Students should attend all lessons, be on time, have instruments assembled and be warmed up, and generally be prepared to play for 50-60 minutes. Students should also have their cell phones turned off and dress appropriately, i.e. professionally, for each lesson. Consider each lesson a performance, rather than simply a window into your progress each week.

Technique Exam:
All undergraduate and MM students will perform a technical exam each semester approximately one month before jury examinations. Technique exams are performed from memory. The requirements are as follows:

Course Number Required Skills for Technique Exam


151 - At the end of Semester 1 of study, students will be able to demonstrate the following skills in 16th notes at quarter=104, in all articulation patterns.
•Chromatic Scale in 16ths-full range demonstrating all alternate fingering
•All Major scales and arpeggios full range
•Major Scales in 3rds through 3 accidentals (Londeix Les Gammes)

152 - At the end of Semester 2 of study, students will be able to demonstrate the following skills in all articulation patterns:
Same as above in ALL KEYS
•All harmonic (full range) and melodic (one or two octaves) minor scales
•All minor arpeggios full range
•All skills up to quarter-note-104 minimum (16th notes) for MusEd./BA/Minor
•All skills up to quarter-note=120 minimum (16th notes) for PERFORMANCE MAJORS

251/551 - At the end of Semester 3 of study, students will be able to demonstrate the following skills:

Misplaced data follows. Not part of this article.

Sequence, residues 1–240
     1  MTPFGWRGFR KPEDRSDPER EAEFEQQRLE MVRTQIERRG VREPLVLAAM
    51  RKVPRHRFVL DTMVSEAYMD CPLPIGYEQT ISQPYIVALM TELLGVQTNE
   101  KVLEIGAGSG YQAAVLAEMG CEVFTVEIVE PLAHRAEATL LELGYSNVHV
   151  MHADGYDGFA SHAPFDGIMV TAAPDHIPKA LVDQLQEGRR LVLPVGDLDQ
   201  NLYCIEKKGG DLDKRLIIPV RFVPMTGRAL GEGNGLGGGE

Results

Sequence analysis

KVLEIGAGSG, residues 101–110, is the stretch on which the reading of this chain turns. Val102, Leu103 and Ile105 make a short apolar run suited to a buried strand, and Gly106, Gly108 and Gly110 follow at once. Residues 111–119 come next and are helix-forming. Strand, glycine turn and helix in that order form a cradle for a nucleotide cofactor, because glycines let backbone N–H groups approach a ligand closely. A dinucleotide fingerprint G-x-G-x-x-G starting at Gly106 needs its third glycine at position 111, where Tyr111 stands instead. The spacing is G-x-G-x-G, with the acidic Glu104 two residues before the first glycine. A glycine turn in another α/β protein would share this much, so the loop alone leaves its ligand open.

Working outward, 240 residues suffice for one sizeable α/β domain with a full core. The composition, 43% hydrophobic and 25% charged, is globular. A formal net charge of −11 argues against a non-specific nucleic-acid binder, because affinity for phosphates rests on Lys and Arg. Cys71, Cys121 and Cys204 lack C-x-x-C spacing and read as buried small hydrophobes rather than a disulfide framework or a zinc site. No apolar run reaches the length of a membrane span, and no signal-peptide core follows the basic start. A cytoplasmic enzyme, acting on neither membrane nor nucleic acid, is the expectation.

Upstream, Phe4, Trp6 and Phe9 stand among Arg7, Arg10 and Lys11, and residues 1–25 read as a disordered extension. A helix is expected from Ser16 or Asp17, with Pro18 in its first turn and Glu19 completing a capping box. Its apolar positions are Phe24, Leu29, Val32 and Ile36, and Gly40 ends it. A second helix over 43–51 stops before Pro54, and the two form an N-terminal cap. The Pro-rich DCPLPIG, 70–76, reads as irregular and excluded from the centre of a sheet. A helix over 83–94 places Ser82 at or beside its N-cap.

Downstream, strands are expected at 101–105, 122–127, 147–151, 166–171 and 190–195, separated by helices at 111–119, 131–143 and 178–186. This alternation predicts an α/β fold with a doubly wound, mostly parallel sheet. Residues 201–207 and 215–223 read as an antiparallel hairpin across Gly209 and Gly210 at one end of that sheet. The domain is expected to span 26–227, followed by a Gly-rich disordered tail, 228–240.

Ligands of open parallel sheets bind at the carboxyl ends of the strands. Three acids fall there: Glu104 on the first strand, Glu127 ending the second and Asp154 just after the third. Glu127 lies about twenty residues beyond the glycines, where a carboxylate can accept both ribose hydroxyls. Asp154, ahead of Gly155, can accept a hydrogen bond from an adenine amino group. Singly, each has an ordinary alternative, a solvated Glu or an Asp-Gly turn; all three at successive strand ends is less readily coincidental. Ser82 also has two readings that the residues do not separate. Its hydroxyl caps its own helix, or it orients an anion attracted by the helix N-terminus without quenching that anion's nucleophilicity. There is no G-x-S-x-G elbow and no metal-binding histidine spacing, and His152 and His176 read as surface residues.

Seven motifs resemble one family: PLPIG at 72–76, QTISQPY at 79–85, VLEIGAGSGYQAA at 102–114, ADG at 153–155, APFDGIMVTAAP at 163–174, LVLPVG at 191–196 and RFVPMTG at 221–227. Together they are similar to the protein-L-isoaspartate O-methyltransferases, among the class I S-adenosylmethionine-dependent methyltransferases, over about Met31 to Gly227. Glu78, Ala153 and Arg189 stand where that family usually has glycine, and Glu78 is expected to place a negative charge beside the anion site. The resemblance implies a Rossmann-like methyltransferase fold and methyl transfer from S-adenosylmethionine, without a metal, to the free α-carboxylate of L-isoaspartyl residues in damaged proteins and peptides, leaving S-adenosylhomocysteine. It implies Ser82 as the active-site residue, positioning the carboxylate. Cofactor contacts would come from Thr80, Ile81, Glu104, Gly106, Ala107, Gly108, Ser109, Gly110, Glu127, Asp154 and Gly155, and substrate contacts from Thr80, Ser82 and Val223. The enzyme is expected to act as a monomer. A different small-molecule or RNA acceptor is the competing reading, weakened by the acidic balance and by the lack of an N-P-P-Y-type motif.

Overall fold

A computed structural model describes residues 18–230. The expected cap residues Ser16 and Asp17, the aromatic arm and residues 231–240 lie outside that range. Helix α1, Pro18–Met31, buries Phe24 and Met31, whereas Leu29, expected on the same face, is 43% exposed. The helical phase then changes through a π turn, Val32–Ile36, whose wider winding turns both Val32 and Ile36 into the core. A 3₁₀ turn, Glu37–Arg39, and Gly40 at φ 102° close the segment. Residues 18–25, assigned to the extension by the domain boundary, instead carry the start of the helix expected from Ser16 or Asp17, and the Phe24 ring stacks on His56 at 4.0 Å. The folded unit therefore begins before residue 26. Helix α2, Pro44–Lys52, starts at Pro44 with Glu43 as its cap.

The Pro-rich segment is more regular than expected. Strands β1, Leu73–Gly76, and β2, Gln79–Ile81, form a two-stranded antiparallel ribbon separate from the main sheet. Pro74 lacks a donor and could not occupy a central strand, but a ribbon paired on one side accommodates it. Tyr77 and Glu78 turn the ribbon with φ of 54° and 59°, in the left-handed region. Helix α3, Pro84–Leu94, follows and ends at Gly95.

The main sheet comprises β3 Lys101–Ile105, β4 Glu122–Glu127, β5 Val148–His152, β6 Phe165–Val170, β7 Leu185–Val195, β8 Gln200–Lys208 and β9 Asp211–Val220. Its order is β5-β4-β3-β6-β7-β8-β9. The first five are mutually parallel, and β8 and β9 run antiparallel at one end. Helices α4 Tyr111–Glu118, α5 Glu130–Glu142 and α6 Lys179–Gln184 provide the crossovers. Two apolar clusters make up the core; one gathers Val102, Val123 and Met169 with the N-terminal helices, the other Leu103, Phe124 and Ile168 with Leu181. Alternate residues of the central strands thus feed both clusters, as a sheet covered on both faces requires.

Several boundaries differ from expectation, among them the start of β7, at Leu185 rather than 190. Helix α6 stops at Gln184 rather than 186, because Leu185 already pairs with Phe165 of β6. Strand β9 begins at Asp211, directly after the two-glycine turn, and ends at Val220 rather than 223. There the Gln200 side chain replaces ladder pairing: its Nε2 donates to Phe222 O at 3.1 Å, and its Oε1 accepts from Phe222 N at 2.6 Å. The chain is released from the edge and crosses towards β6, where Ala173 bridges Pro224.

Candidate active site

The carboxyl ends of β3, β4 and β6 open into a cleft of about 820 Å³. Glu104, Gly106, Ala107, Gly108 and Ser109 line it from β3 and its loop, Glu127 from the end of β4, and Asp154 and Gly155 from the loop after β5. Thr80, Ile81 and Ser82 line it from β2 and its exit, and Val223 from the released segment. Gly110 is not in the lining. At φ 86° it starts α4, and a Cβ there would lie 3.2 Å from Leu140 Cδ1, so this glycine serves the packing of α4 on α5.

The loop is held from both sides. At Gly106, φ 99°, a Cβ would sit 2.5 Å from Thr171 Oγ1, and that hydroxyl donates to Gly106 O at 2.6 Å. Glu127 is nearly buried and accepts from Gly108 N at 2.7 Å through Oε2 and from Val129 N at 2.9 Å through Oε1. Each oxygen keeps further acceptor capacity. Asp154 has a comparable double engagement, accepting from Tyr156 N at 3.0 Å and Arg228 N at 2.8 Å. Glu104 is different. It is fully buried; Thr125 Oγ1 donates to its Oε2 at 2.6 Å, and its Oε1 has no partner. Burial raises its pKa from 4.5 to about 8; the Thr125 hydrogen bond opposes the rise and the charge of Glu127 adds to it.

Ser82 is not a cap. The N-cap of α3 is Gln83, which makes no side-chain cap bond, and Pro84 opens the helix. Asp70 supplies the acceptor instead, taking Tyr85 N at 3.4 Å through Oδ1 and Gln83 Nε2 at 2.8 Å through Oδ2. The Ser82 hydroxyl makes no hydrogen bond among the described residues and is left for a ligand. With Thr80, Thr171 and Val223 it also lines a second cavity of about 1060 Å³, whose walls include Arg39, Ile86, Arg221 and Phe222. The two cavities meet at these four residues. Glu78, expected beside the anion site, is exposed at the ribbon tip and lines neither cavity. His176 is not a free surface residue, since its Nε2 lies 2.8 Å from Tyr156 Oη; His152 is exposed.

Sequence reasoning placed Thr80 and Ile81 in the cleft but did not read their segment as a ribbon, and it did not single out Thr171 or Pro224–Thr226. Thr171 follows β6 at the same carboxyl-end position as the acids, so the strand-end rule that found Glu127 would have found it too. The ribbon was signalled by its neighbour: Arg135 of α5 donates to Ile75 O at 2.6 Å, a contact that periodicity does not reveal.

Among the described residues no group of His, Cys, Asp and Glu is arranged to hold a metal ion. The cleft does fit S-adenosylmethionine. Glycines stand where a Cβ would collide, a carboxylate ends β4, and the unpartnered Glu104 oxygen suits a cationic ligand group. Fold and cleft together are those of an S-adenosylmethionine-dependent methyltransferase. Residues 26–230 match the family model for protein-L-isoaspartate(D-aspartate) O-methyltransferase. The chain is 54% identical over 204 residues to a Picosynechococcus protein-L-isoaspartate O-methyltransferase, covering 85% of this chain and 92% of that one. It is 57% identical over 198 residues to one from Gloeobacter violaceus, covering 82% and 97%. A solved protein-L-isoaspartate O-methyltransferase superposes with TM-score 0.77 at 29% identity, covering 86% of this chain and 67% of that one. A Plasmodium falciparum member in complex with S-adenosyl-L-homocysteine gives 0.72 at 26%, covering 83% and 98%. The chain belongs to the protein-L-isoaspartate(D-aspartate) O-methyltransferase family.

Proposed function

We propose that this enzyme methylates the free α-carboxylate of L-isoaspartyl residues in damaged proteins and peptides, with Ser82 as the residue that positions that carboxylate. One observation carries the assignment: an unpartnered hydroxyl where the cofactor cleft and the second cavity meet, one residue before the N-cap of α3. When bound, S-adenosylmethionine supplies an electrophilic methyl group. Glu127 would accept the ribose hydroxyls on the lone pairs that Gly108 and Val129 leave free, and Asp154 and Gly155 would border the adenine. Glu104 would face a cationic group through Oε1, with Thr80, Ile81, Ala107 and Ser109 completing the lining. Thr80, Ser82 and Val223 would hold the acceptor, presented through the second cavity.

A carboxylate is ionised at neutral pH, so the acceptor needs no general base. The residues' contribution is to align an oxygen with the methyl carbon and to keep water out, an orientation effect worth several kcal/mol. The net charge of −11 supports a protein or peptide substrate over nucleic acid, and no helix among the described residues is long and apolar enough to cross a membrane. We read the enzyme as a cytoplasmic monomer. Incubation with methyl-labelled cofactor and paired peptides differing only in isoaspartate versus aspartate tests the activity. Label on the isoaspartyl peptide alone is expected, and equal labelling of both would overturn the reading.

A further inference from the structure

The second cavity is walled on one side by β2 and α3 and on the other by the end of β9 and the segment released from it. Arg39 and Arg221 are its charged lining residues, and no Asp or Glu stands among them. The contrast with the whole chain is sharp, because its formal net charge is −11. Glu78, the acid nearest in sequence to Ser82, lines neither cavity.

•All skills from semesters 1-2 in 16th notes at quarter=120
•Extended range major scales through 4 accidentals (8th notes at quarter=60, semesters 3 and 4)
•Major Scales in Fourths through 4 accidentals
•Diminished Scales full range
•Fully-diminished Seventh arpeggios, all keys
ll new skills in 16th notes at quarter=104

252/552 - At the end of Semester 4 of study, students will be able to demonstrate the following skills:
•Same as above in ALL KEYS.
•Whole-Tone Scales, full range
•Augmented Arpeggios in all keys
ll new skills in 16th notes at quarter=104

351/651 - At the end of Semester 5 of study, students will be able to demonstrate the following skills:
•All skills from semesters 1-2 in 16th notes at quarter=132
-All skills from semesters 3-4 in 16th notes at quarter=120
•Major diatonic-seventh arpeggios full range through 4 accidentals
•Chromatic 2nds full range (Kynaston Pg. 18)
ll new skills in 16th notes at quarter=104

352/652 - At the end of Semester 6 of study, students will be able to demonstrate the following skills: